Change and hope. Decency. A possibility that through this leader, our country could once again earn the respect of other nations.

In a way, it is sad that this is what it comes down to: Decency. It should be a given that anyone who would aspire to the presidency and did not have the right character would be eliminated early on; that both of the final candidates would be decent, honorable people.

A colleague who is a Hillary supporter said to me sadly yesterday, "She's a good woman." Another friend believes to his very core that John McCain has the qualities that we need now. I am glad that they feel that way; there remains the possibility that come next November I might have to ask one of them to help me understand these admirable traits that they perceive in their candidates. And, if it comes to that, I will ask them. I so need to feel good about our leader.

But right now I'm feeling very, very good about my candidate. The one who -- to me -- represents consistency and trustworthiness. Opportunity. Hope and change. And decency.

Tuesday, May 06, 2008

She Wants To Be Surprised

I've put a lot of time into thinking about what to make for My Partner for the Miniature Booty Swap that Quilting Pirate is running.

I've read the info that was sent me about her interests. I've visited her blog. I've auditioned and discarded many ideas. Nothing seemed "just right."

And then I discovered exactly what to do.

Since My Partner wants a surprise, I can't tell you. But I will tell you that reading Lisa's blog was a huge help.

At last, I started work on the Miniature. And I am already very pleased with it. I think she will be, too.

When is the Reveal? Early in June, I would think, as it must be sent to My Partner by May 31,

Monday, May 05, 2008

Back to Normal -- Well, Nearly

I spent the better part of four days being sick with a head-and-chest cold. Uncharacteristically, I lay low! I slept a lot. I stayed in. I took non-crystal-meth drugs. I drank orange juice. And I got well. Or pretty close to well.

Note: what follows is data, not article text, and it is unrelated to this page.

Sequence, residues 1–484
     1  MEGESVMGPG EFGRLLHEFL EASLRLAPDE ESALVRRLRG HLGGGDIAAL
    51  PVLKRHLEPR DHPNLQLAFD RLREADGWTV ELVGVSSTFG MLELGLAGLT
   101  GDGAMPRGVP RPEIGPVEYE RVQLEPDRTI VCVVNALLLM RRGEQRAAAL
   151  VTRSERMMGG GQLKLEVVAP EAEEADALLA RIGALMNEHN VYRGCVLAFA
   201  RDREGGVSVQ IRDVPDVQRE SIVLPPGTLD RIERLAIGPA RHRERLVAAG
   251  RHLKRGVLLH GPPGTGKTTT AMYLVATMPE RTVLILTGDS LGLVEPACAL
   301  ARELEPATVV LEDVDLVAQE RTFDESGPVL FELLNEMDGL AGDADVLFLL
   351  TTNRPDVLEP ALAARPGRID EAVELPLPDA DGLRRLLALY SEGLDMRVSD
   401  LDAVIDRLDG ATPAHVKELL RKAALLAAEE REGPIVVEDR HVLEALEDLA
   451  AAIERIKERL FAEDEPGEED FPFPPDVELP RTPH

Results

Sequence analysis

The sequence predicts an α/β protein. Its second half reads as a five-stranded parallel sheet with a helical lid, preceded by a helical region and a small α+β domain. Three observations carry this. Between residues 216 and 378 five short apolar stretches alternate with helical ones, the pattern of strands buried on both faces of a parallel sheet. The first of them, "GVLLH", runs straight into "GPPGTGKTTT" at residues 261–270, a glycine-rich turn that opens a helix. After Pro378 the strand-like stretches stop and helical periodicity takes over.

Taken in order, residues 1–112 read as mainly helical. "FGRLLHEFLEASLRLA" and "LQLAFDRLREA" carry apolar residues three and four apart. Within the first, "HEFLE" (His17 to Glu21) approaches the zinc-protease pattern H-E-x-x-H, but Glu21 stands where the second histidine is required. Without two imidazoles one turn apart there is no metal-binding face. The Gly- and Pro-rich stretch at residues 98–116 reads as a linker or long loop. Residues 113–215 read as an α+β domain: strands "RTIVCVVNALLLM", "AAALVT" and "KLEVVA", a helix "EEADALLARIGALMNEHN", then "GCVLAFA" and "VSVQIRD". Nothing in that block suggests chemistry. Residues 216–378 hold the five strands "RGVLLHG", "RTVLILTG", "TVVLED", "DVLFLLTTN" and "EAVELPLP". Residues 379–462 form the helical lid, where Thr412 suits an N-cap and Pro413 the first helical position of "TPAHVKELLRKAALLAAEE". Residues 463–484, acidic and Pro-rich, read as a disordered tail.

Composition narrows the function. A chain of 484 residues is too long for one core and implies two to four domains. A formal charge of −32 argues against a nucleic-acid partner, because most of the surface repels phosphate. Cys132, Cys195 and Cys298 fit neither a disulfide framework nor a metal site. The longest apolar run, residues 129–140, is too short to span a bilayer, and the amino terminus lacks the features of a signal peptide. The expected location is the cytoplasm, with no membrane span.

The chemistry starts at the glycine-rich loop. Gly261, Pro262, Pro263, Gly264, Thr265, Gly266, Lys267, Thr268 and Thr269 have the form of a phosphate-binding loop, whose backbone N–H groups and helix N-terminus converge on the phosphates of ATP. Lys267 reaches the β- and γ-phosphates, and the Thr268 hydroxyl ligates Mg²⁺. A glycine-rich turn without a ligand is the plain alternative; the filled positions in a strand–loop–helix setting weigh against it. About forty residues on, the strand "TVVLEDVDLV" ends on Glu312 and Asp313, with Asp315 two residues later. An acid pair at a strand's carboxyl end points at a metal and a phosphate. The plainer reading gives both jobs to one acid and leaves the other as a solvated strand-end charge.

The other thing that helped was: I sewed. For a couple of weeks, I was putting in extra hours at work and was sewing-diminished at home. So, being sickish, I got to sew to my heart's content when I wasn't sleeping. And, I tell you, I was doing one or the other just about all of the time.

Hot Summer Hearts is heading out to the long-armer today. Leader-Ender Jewel Box will be all finished in the next couple of days and out to the long-armer by Friday. Crystal Meth was a short-lived notion; on further inspection, the block I invented is pretty ugly. So the leader-enders that are left will get put on hold in a box for a while until they are new again. Meanwhile, I made a Split 9-Patch for Peggy's monthly block and got so enthused about it that I'm hoping to cut some lights and whites and start a new leader-ender of this block for a baby quilt. Thirty-six 6" blocks should go together pretty quickly. The 16-patches and pinwheels that Turbo gave me are up on the wall, but I think they are going to come down for a while to make space for something as yet undetermined..

Best of all: I'm putting the borders on What Was I Thinking? And second best of all: Sunday Best, the little appliqued dress wall hanging for Caroline, is in the hand-quilting stage!

My soul is purring like a Bernina. Almost worth having been sick.